World Population Day 2020

11 July 2020


Putting the brakes on COVID-19: how to safeguard the health and rights of women and girls now

The COVID-19 crisis has taken a staggering toll on people, communities and economies everywhere. But not everyone is affected equally. Women, who account for the largest share of front-line health workers, for example, are disproportionately exposed to the coronavirus. Supply chains around the world are being disrupted, impacting the availability of contraceptives and heightening the risk of unintended pregnancy. As countries are on lockdown and health systems struggle to cope, sexual and reproductive health services are being sidelined and gender-based violence is on the rise.

Recent UNFPA research highlighted that if the lockdown continues for 6 months with major disruptions to health services, then 47 million women in low- and middle-income countries may not be able to access modern contraceptives resulting in 7 million unintended pregnancies. 31 million additional cases of gender-based violence can also be expected. The disruption of UNFPA’s programmes on the ground could result in 2 million cases of female genital mutilation and 13 million child marriages between 2020 and 2030 that could have been averted. 

Moreover, women disproportionately work in insecure labour markets and are harder hit by the economic impacts of COVID-19. Nearly 60 percent of women worldwide work in the informal economy, at greater risk of falling into poverty. Women’s unpaid care work has increased as a result of school closures and the increased needs of older people. 

The pandemic is hitting marginalized communities particularly hard, deepening inequalities and threatening to set us back in our efforts to leave no one behind. Our response to COVID-19 in every country is critical and will determine how fast the world recovers and whether we achieve the Sustainable Development Goals or not.

On 11 July, World Population Day, UNFPA aims to raise awareness about the sexual and reproductive health needs and vulnerabilities of women and girls during the pandemic, to highlight how we can safeguard hardfought gains and ensure that SRHR stays on the local agenda, and to explore how to maintain the momentum towards achieving the SDGs by 2030 that we rallied at the Nairobi Summit.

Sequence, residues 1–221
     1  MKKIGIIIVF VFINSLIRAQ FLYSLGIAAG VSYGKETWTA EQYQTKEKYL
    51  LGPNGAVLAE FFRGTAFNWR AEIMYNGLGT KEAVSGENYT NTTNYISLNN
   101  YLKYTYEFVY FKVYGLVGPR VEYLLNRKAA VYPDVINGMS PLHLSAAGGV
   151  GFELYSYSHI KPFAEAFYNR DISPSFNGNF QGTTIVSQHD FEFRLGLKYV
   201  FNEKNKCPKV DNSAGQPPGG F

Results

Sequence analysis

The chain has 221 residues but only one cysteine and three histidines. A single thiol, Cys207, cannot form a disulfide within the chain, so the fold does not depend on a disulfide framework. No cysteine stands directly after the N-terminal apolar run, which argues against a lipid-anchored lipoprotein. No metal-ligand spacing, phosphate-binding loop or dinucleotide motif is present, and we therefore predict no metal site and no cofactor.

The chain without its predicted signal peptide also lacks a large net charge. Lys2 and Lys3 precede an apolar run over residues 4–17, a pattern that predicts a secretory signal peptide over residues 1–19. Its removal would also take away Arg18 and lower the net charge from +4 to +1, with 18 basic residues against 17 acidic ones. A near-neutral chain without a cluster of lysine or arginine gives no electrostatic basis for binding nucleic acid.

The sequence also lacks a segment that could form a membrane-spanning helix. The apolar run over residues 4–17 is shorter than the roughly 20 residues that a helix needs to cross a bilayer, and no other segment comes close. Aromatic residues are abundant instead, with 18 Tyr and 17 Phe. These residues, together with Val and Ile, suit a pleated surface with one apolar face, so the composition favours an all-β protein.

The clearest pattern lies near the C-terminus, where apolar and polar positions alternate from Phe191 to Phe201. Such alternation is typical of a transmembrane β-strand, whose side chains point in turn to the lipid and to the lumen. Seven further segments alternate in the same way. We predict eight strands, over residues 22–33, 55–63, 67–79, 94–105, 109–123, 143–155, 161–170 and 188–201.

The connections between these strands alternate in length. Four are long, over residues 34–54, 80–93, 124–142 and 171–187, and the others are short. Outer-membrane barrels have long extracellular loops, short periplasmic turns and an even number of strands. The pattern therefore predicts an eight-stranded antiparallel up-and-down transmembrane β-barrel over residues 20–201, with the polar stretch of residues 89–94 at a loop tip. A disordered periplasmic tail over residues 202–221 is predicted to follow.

Specific themes and angles include:

The overall UNFPA response to COVID-19. The global response plan outlines how the organization is responding to the pandemic worldwide.

The impact of COVID-19 on the “Three Zeros.” Whether your country faces challenges of gender-based violence, child marriage and female genital mutilation, or making contraceptive services more available and accessible, this recently issued analysis of the COVID-19 pandemic’s potential for exacerbating problems, such as unintended pregnancies, including those among adolescents. 

Adolescents and youth. The pandemic has interrupted school and community-based services. This Technical Brief provides a snapshot of the challenges and the response.

Challenges for women and girls in humanitarian settings. Through the United Nations Office of the Coordination of Humanitarian Affairs, UNFPA and other United Nations agencies, programmes, departments and funds issued appeals to assist the vulnerable communities in humanitarian settings.

Maternal health. This Technical Brief describes how the pandemic creates additional barriers to pregnant women who need antenatal care or safe-delivery services.

How COVID-19 affects older people. The impact of COVID-19 may be especially overwhelming in countries with shares of their populations who are older. This report shows how UNFPA helps advocate for older persons’ participation in the policy arena, and for their voices to be heard in preparedness and response to a crisis in which they are the most affected.

Census. Countries intending to carry out their 2020 censuses face enormous obstacles in counting people at a time when data are critically important for policymakers. This Technical Brief describes some of the implications.

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